The surge in home prices that followed the onset of the COVID-19 pandemic and the sharp increase in interest rates during 2022 have driven up the cost of purchasing a home. Although purchase demand has contracted and sales of single-family homes have plummeted, home prices have declined only modestly, leading many prospective homeowners to question whether relief is on the way.
Mortgage interest rates have fallen off from their peak in late 2022 but otherwise remain at their highest level in 15 years. The green line in Chart 1 shows the fixed rate on a 30-year mortgage. The 30-year rate moved down during 2019 in response to the Federal Reserve easing monetary policy. Mortgage rates continued to decline following the onset of the pandemic as the Fed eased policy further to cushion the economy, settling close to 3 percent from mid-2020 through the end of 2021. During 2022, however, the Federal Reserve tightened policy to fight inflation, and mortgage rates shot up, ending at 6.1 percent in early February 2023.
Home prices rose sharply following the onset of the pandemic. The blue line in Chart 1 shows a national index of single-family home prices. Prior to the pandemic, from 2014 to 2019, prices climbed approximately 5 percent annually, driven up by more than a decade of weak home construction (Rappaport 2022). Following the onset of the pandemic in early 2020, prices surged, ultimately peaking in mid-2022 at 42 percent above their level in early 2020. Prospective buyers competed fiercely from mid-2020 through mid-2022, often bidding up prices on newly listed homes to the maximum offer they could afford. The surge in purchase demand was partly driven by the decline in interest rates, which lowered monthly payments. It may also have been driven by a shift in households’ preferences for more living space due to spending more time at home during the pandemic and the prospect of working remotely at least some of the time over the longer term.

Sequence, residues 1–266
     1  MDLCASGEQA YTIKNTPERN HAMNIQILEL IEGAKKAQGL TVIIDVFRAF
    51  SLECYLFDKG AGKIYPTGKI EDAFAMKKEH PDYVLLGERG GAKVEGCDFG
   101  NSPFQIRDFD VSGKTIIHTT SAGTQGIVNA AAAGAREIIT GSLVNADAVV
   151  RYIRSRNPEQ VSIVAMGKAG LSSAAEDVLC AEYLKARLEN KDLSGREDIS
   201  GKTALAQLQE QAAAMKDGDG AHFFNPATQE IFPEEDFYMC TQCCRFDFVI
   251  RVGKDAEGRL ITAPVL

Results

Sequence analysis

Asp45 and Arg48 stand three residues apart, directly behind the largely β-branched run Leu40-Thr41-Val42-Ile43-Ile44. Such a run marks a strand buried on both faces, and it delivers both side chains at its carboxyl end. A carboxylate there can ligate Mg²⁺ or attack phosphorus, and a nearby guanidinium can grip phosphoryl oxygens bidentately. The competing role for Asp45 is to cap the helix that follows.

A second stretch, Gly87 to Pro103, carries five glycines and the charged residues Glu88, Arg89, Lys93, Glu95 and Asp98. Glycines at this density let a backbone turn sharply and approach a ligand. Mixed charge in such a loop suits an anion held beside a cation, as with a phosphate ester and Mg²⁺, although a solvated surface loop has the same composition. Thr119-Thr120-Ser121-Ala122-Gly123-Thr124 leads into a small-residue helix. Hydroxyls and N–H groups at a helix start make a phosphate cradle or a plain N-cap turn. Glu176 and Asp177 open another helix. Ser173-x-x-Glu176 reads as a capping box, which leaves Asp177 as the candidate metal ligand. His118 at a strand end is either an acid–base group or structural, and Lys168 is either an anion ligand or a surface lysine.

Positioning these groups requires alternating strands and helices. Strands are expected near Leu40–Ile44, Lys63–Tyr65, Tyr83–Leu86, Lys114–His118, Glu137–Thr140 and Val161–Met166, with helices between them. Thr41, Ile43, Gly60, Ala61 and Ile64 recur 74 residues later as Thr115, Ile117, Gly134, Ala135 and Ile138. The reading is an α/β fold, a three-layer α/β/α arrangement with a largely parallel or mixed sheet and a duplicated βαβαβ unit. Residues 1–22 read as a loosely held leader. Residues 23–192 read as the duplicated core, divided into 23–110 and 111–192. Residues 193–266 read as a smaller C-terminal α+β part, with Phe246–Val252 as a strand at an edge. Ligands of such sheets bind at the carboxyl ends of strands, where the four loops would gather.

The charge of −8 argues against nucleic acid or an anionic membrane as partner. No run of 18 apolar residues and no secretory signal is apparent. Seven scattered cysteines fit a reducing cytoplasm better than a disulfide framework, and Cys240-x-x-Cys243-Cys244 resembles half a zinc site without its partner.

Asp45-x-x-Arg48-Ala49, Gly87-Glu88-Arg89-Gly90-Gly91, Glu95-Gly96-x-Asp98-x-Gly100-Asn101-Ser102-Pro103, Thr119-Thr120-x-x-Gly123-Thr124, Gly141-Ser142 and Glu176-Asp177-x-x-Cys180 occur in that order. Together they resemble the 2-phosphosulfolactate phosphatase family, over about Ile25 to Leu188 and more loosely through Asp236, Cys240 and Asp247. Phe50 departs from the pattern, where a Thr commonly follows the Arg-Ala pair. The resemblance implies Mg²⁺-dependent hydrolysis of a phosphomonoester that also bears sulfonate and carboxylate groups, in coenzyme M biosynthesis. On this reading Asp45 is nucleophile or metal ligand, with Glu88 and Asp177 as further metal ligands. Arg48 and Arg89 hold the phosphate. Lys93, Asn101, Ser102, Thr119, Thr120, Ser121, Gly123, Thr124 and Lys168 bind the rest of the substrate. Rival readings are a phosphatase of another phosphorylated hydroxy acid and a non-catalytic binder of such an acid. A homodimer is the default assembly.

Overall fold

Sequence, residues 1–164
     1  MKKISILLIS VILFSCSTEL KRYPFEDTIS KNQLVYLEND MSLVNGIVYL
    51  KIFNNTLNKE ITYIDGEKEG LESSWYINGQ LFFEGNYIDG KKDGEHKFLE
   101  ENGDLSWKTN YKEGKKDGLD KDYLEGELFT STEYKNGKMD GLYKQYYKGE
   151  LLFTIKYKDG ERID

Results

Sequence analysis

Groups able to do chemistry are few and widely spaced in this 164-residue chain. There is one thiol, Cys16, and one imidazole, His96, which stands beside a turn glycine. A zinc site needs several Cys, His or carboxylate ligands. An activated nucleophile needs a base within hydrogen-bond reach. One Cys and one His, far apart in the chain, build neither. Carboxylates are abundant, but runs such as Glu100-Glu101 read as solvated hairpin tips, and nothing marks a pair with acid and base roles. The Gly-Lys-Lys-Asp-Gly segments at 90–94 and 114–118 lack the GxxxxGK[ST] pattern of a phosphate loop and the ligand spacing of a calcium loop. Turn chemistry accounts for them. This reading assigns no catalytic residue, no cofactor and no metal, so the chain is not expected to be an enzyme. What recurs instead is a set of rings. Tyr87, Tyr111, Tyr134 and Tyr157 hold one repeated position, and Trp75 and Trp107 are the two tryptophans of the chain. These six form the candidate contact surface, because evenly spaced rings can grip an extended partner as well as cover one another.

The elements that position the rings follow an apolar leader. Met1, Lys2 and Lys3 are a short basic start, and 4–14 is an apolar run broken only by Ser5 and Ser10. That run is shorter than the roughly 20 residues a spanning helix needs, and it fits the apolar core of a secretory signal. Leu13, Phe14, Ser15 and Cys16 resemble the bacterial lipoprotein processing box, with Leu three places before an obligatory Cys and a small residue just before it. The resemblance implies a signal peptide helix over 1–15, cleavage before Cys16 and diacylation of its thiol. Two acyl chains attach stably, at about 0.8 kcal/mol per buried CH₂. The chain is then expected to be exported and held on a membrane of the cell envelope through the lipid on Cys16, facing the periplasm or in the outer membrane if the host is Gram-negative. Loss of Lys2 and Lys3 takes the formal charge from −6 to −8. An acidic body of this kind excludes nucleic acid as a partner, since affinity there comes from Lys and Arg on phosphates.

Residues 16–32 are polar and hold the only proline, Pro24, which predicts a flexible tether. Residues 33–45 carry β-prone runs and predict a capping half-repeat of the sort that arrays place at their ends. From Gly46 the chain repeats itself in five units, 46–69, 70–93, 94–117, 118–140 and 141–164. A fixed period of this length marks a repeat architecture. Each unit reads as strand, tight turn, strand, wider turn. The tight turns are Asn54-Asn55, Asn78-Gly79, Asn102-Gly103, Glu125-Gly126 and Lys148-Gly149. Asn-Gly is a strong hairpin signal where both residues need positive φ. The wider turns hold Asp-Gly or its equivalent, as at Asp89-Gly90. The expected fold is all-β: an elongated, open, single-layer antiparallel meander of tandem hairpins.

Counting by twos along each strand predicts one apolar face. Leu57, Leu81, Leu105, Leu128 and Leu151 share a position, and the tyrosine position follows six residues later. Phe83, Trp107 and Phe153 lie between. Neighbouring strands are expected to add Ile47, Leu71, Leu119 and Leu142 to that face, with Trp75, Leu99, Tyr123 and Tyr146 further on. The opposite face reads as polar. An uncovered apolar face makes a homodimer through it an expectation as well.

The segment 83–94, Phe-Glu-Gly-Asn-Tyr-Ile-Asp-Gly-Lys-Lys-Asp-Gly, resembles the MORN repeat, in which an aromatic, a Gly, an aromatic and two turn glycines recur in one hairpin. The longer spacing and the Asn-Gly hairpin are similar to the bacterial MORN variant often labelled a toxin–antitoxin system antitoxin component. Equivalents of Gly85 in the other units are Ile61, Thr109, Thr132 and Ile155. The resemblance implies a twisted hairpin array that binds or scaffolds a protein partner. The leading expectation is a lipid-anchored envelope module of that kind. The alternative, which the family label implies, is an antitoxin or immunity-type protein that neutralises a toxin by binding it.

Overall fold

The increases in both home prices and mortgage rates since early 2020 have more than doubled the monthly mortgage payment on a newly purchased home. The blue line in Chart 2 shows how the monthly payment of principal and interest would differ if someone who purchased a $250,000 home in January 2020 (a bit below the national median then) were to instead purchase that same home later in the pandemic. With a 20 percent down payment, the monthly payment in January 2020 would have been $899, good for the 30-year life of the loan. The monthly payment to purchase the same home later in 2020 would have been roughly the same, reflecting that the upward movement in home prices was offset by the downward movement in mortgage rates. At the start of 2021, however, the monthly payment began moving up, gradually at first and then sharply, peaking at almost $1,900 per month in October 2022. This doubling of the monthly mortgage payment has likely made purchasing a home—already a considerable financial challenge prior to the pandemic—insurmountable for many more households.
Indeed, the increase in mortgage rates alone may make it unaffordable for many owners to sell their current home and purchase a different one at the same sales price. The green line in Chart 2 shows how the monthly payment would differ if the home’s sales price were fixed at its January 2020 level but mortgage rates followed their actual path. In this case, the monthly payment would have increased by a net 35 percent from January 2020 to early February 2023, in effect locking some owners to their current home unless they were willing to move to a rental unit.